Wrestling Jello

I’ve been trying now, for a couple of days, to write something cohesive and interesting. So far all I have are bits and pieces of incomplete sentences and thoughts, a nonsensical pattern of my scattered mind. It seems that I flit from topic to topic, writing about this and that but never getting to the core of why I’m writing this stuff. I try my hand at poetry and now I have a journal full of one liners and things that have popped into my head and made it to the page. None of it is ready for prime time, as they say, but at least they are somewhere accessible instead of residing in the labyrinth of my own thoughts. Being an introvert and a major procrastinator, if I don’t write down what I’m thinking at the moment I’m thinking it, then it is lost to the ages. Sometimes it does repeat itself in one form or another later but then I’m stuck trying to remember why I thought that thought in the first place.

So now here I am, using my blog to post my writing angst for all to read not knowing what people are thinking. I think, and this is just me, that bloggers write to be heard in a way that they are not in their daily lives. If not as introverted, as I tend to be, then it becomes a question of not feeling like you’re being listened to, that your ideas, questions, deep thoughts are somehow a nuisance to others. For myself, and this is not a psychological profile (or is it?), I remember school days when you were just a number, one of many kids all vying for attention in a Lord of the Flies kind of way. Being quiet and not feeling all that smart, I tended to seek the quiet corner, what I now call, as an adult, keeping myself under that radar. Even now, as a priest, I still tend to stay back when at a gathering of my colleagues and let the more extroverted ones have their say. I find it exhausting trying to step into the fray and the few times I have tried it has been dismissed as one would dismiss a bit of fuzz on their lapel.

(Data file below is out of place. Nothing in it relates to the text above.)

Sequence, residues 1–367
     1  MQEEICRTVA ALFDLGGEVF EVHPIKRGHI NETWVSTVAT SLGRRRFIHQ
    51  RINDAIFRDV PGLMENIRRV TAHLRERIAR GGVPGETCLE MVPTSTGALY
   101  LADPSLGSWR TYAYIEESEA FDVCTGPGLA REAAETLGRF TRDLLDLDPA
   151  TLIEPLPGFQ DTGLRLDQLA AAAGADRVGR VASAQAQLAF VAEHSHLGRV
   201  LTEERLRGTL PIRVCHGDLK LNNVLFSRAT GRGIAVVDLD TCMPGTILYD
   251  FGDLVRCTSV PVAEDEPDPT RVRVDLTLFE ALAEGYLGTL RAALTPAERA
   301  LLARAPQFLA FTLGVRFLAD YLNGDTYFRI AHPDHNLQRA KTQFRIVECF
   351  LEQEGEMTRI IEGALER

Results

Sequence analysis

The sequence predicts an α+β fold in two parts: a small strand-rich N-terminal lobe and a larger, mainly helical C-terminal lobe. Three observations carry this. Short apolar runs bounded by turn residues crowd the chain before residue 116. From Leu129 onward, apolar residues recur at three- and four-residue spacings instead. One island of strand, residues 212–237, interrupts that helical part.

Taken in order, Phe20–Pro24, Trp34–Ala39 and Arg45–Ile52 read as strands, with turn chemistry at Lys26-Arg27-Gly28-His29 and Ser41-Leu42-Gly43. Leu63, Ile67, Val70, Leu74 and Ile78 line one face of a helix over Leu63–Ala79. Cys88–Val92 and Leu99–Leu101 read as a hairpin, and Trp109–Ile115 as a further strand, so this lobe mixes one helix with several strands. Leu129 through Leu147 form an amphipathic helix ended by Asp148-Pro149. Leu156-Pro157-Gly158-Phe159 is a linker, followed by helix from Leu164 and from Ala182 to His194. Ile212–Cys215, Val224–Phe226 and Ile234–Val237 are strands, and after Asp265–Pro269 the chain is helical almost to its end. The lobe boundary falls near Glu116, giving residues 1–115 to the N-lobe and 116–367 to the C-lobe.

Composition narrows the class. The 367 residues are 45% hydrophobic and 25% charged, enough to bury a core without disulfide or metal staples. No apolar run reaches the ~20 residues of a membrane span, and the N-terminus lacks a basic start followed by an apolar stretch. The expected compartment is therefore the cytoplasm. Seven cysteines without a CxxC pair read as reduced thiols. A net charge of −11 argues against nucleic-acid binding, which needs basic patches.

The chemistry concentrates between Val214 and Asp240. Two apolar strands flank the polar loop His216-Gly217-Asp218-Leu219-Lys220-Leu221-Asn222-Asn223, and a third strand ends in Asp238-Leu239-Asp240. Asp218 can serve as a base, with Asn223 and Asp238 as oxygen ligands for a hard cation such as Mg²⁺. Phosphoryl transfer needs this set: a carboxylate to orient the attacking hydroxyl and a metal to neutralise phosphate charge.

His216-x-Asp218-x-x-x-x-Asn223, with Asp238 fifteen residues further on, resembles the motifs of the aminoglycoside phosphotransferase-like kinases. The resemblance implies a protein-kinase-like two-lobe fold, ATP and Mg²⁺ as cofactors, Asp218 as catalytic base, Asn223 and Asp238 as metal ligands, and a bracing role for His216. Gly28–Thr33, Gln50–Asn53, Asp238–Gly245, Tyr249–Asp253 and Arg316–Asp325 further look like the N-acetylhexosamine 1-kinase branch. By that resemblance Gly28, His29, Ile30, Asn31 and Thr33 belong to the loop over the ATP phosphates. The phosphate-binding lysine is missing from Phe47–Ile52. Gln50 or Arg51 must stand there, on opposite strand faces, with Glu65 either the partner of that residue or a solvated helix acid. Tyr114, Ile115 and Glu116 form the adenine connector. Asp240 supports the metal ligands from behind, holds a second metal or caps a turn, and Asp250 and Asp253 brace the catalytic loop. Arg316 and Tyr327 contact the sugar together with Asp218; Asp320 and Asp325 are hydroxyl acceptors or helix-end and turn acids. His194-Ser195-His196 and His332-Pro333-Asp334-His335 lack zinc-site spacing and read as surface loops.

Maybe, I’m being too harsh. Sure, I don’t just jump into the deep end and yes, I am unsure of myself even after all these years of living. It might just be that I take all of this way too seriously and I want what I write to mean something, to have some meat to it rather than a skeleton of dried, dusty bones. I’m not saying that I need or want to be famous, or widely read. I have just started reading, The Poetry Home Repair Manual: Practical Advice for Beginning Poets by Ted Kooser. I have only gotten into the first couple of chapters but this caught my eye; “You’ll never be able to make a living writing poems”, and I have to guess that I will never make a living writing in my blog, but at least I’m writing.

Maybe one day, when the dust has all settled and I am in fact the dust that is settling, one of my grandkids or even a great-grandkid, will happen upon this old man’s musings and take it upon themselves to write. Maybe they will create the next great novel, or become a world recognized poet, even a poet laureate all because of these seeds I am sowing now. Yes, it’s a nice dream but isn’t that the reason why we write because we don in fact have dreams. Dreams are the soil upon which we, upon which I, through out the seeds of my thoughts. These seeds are in the words, the images, the very heart of all that I see and reflect on. These seeds come in the quiet moments, when I sit down and take pencil to paper or when I pop open my iPad and begin tapping away at the keyboard. I never really know where it will take me, or what it will look like but there I am struggling with the muse who has entered into my life.